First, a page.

KAMPALA, Uganda (AP) — Uganda’s government has signed an agreement with three foreign oil companies, a government official said Thursday, clearing the way for commercial production of crude reserves.
A memorandum of understanding signed on Wednesday lays out the strategy for oil production amid warnings that the sector hasn’t been transparent enough to avoid corruption and misuse of oil revenue.
Signing of the agreement had been delayed amid disagreements over strategy, with Uganda’s government insisting on the construction of a $2 billion refinery even as its partners said there wasn’t sufficient local demand to justify such an expenditure. Only up to 1.7 billion of the 3.5 billion barrels of crude reserves will be recovered, said Energy Minister Irene Muloni.
The agreement was signed with Britain’s Tullow Oil, France’s Total and the state-owned China National Offshore Oil Corporation, which already has been licensed to develop the first oil block in the Albertine rift basin near Uganda’s border with Congo. Tullow and Total have not yet been issued production licenses for up to nine oil blocks.
“The conclusion of the memorandum of understanding is a significant step for Uganda as it gives a roadmap for the commercialization of petroleum resources discovered in the country,” said Muloni, who was flanked by representatives of the oil companies.
Under the agreement, she said, some of the crude will be used to generate power locally while the rest will be refined for domestic consumption or exported as crude through the Indian Ocean coast. Uganda’s government will build a refinery with a capacity of 60,000 barrels per day while its partners will build an oil pipeline to transport crude for export through neighboring Kenya, she said.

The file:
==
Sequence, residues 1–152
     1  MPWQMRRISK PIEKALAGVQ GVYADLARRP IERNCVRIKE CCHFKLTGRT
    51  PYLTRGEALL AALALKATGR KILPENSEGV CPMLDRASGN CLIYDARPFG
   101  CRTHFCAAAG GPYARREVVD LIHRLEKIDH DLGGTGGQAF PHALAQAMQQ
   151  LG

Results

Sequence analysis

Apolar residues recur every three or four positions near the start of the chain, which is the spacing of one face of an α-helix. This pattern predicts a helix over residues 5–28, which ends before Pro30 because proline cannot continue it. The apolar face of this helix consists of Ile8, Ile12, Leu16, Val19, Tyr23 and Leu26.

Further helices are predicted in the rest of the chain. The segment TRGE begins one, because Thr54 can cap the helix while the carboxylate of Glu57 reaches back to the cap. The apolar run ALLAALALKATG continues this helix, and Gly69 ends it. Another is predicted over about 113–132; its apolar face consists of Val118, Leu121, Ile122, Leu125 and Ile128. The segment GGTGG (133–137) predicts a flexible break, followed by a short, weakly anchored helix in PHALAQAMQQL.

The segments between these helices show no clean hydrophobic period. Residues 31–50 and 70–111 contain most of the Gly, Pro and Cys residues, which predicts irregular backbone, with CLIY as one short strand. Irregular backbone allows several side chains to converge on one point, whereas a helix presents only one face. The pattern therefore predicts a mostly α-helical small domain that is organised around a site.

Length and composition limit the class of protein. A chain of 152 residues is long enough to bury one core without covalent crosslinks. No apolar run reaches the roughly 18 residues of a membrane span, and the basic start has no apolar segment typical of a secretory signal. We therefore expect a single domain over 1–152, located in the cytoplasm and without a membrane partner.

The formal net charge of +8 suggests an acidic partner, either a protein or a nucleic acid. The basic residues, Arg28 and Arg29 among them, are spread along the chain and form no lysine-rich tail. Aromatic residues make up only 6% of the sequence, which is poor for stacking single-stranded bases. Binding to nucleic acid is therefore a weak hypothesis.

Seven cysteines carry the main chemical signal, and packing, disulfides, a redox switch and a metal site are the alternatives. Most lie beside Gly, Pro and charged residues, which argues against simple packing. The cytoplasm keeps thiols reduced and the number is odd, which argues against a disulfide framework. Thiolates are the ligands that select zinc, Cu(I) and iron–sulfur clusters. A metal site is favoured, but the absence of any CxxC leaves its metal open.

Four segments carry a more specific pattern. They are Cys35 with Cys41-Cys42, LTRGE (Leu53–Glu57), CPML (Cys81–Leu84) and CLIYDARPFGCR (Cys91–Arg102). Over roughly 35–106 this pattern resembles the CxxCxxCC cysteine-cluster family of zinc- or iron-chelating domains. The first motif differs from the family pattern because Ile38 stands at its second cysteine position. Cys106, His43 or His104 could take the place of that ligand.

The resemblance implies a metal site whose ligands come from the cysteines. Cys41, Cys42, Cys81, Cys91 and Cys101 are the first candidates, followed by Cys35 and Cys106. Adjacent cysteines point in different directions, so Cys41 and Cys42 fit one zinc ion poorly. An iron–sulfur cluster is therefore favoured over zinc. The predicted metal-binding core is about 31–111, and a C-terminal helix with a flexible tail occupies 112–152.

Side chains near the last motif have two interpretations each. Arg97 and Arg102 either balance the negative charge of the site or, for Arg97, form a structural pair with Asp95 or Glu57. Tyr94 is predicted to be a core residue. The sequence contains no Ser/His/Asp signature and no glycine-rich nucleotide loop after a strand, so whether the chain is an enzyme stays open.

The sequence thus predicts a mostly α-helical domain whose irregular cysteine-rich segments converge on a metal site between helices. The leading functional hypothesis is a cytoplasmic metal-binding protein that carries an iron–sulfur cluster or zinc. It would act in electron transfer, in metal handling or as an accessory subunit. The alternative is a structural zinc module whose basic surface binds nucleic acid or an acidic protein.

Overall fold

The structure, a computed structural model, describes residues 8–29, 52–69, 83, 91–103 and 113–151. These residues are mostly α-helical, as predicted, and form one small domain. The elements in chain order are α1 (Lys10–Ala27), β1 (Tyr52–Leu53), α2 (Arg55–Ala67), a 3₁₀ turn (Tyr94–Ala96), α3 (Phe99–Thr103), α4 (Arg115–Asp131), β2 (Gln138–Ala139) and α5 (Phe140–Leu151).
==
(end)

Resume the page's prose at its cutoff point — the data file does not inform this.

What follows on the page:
The government is studying proposals from at least six potential investors in the refinery, she said.
Loic Laurandel, Total’s top official in Uganda, said the oil companies agreed to “apply the most stringent standards” of oil production, especially over protecting the ecologically sensitive areas in which exploration is taking place. Total is drilling wells inside Uganda’s largest national park, while CNOOC and Tullow are operating along the shores of Lake Albert.
Although production is not expected to start until 2016, Uganda’s oil sector has been plagued by allegations of massive corruption and a lack of transparency. Campaigners note that the law places too much power in the hands of the energy minister, a presidential appointee with powers to issue and revoke oil contracts. Critics say the close involvement in negotiations of Uganda’s long-serving president undermines the development of institutions such as a planned national oil company, which is yet to be established.
An independent lawmaker alleged in 2011 that three government ministers had accepted bribes from oil companies seeking contracts with Uganda’s government, charges they denied. An official investigation into those allegations has not been completed.
George Boden, a campaigner with the watchdog group Global Witness, said Uganda’s oil sector has been “characterized by a lack of transparency,” raising questions about how revenues will be managed. Contracts have not been made available to the public and deals have been done behind closed doors, making it virtually impossible to track payments into government budgets, the group said.